Ryan
NewSchoolPolitics

Arnold Kriegbaum writes:

I teach high school. Almost to a person, my students says "I hate reading". But when pressed further, none would like to give back their ability TO read, they just don't like the typical material they are required to read.

Also, one of the big functions of schools is to not only teach but to document what students have learned.

Perhaps learning is in vogue, but the current model of verifying that learning isn't working any more.

sd writes:

Phil:

In principle, nothing is stopping you from reading/educating yourself on your own time and the sumbmitting articles to economics journals. You can even talk to professors from any school you want - most will reply to polite/pertinent emails, and even offer free comments. Heck, you can even attend lectures for free, nobody ever checks IDs at any class I've ever been at.

An economics PhD has little to do with straightforward learning, which I think for the most part can be done in isolation, and more with writing/creating. If you managed to write interesting papers which get published nobody would care what degree you have/don't have. The problem is this creative process takes discipline and perseverence, not simply understanding of existing issues/literature. To turn a good paper (hard enough to write!) into a publishable one is a painfully long (and often boring) process, and few people have the patience for the many itterations it requires. This is where the school structure/environment helps somehow.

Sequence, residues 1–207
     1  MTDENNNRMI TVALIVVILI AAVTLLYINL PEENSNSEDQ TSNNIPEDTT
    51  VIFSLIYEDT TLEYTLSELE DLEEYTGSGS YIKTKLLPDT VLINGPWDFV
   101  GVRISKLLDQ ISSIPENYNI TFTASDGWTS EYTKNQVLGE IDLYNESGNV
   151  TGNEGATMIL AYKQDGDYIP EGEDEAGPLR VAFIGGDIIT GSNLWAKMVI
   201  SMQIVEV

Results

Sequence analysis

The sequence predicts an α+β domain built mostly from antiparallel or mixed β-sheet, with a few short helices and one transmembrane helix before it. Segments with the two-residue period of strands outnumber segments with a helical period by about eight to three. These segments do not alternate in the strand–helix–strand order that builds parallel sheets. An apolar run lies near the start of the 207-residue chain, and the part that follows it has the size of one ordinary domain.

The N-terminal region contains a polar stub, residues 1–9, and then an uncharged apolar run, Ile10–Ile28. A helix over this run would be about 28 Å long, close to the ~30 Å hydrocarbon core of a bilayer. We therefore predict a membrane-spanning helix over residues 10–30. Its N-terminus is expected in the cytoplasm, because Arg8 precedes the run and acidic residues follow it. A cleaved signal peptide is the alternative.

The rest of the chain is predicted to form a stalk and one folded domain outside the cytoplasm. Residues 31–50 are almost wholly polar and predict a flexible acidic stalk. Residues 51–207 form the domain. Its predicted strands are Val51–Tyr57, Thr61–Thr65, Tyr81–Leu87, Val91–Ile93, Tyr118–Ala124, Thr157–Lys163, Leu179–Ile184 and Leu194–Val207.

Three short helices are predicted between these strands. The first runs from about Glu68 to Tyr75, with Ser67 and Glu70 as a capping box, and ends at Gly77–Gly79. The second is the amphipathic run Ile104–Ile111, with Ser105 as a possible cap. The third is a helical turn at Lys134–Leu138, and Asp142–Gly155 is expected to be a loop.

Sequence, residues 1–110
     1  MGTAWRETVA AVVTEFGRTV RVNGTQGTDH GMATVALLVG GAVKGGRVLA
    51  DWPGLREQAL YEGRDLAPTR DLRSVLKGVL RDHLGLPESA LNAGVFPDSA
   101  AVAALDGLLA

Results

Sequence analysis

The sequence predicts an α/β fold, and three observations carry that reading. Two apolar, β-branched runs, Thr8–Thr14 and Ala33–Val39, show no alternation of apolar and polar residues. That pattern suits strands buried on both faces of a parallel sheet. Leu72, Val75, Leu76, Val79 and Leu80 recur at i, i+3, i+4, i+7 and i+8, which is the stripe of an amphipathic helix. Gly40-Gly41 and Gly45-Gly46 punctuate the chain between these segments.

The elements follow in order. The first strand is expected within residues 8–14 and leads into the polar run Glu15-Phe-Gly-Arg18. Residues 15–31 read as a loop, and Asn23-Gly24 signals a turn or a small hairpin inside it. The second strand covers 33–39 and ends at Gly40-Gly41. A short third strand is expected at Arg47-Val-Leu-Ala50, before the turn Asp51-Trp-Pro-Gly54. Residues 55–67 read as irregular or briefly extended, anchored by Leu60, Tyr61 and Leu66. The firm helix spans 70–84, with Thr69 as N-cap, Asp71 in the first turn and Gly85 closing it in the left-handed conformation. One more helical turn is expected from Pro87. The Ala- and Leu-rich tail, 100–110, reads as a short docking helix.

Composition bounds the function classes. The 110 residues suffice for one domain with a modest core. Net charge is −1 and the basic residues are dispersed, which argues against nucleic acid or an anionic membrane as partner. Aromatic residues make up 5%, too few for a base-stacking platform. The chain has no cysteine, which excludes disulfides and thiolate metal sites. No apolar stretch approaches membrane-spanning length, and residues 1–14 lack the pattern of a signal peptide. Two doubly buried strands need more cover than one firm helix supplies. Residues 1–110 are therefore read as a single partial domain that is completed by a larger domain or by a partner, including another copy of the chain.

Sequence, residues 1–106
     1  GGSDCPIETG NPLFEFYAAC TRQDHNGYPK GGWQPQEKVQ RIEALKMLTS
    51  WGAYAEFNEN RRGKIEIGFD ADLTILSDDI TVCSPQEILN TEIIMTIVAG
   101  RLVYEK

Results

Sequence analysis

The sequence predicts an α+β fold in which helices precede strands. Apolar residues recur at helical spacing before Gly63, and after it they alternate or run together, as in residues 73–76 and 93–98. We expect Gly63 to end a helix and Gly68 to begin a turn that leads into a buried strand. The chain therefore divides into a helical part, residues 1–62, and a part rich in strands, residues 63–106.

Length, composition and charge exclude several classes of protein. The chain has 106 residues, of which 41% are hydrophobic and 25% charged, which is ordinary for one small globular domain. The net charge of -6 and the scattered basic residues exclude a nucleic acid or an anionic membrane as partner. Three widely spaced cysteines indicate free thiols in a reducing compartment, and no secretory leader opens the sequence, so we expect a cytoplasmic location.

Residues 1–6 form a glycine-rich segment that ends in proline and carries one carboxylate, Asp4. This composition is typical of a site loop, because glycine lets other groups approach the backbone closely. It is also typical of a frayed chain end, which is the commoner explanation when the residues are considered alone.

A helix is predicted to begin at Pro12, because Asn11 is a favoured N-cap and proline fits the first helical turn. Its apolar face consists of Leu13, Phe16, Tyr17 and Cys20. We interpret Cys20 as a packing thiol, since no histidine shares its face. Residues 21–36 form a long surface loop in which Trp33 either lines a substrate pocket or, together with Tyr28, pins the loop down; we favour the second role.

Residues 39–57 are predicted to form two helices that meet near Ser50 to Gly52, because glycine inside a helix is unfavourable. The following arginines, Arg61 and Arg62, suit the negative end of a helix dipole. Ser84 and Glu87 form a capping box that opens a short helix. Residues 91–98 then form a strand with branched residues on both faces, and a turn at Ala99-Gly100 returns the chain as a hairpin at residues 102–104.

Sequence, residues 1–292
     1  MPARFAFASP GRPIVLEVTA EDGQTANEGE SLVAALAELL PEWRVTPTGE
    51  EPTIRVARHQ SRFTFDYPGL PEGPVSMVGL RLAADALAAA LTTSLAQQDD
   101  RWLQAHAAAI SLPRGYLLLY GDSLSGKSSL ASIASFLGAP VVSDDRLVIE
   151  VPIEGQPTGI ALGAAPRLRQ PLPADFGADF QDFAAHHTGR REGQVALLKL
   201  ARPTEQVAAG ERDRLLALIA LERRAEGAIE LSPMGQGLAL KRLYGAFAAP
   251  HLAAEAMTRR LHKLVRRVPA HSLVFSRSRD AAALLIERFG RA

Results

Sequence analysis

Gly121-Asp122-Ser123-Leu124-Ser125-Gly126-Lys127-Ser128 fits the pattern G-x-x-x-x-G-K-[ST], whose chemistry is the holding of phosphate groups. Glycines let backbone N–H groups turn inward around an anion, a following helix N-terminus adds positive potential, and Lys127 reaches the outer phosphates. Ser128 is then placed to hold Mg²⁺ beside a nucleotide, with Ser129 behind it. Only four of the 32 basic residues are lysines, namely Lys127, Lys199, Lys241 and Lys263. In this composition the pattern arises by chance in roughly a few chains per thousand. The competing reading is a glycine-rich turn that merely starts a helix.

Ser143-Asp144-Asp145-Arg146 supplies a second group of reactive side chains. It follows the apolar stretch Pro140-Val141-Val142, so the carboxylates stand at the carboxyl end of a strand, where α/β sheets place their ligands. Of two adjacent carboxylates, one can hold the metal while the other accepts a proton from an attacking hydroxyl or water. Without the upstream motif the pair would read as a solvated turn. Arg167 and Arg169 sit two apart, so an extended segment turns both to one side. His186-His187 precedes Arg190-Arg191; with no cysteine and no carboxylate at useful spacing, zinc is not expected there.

Lord writes:

I think you may be underestimating how much of the educational establishment believes it is for the select few and their purpose is to rid higher education of the undeserving. I can still recall one professor who announced his class was too large for the program and he his job was to eliminate 2/3rds of the students in that very course. He came close to doing it too.

Tino writes:

Outside of the imaginary liberal world Delong lives in there is a simple explanation: IQ.

There are only that many people with the talent to graduate from college. In a sample of about 1000 people with known IQ 82% of those with IQ above 125 went to college, compared to 19% of those with 90-110, 3% of those with 75-89, and 0% of those below 75.

http://www.cpsimoes.net/artigos/art_iq_succ.html

What is the most likely explanation: preferences or smarts?

Ajay writes:

And they hate it for very good reason, because it forces them to do things that are in fact useless. When you say that students don't want to listen to you and Brad, you make it sound like they're unintellectual, because I'm sure you and Brad are probably much more interesting to listen to than the average professor. Rather, the problem is that the system is antiquated and based on tradition and ignorance, instead of any rational analysis of what students need to know. Let me highlight some of the ways.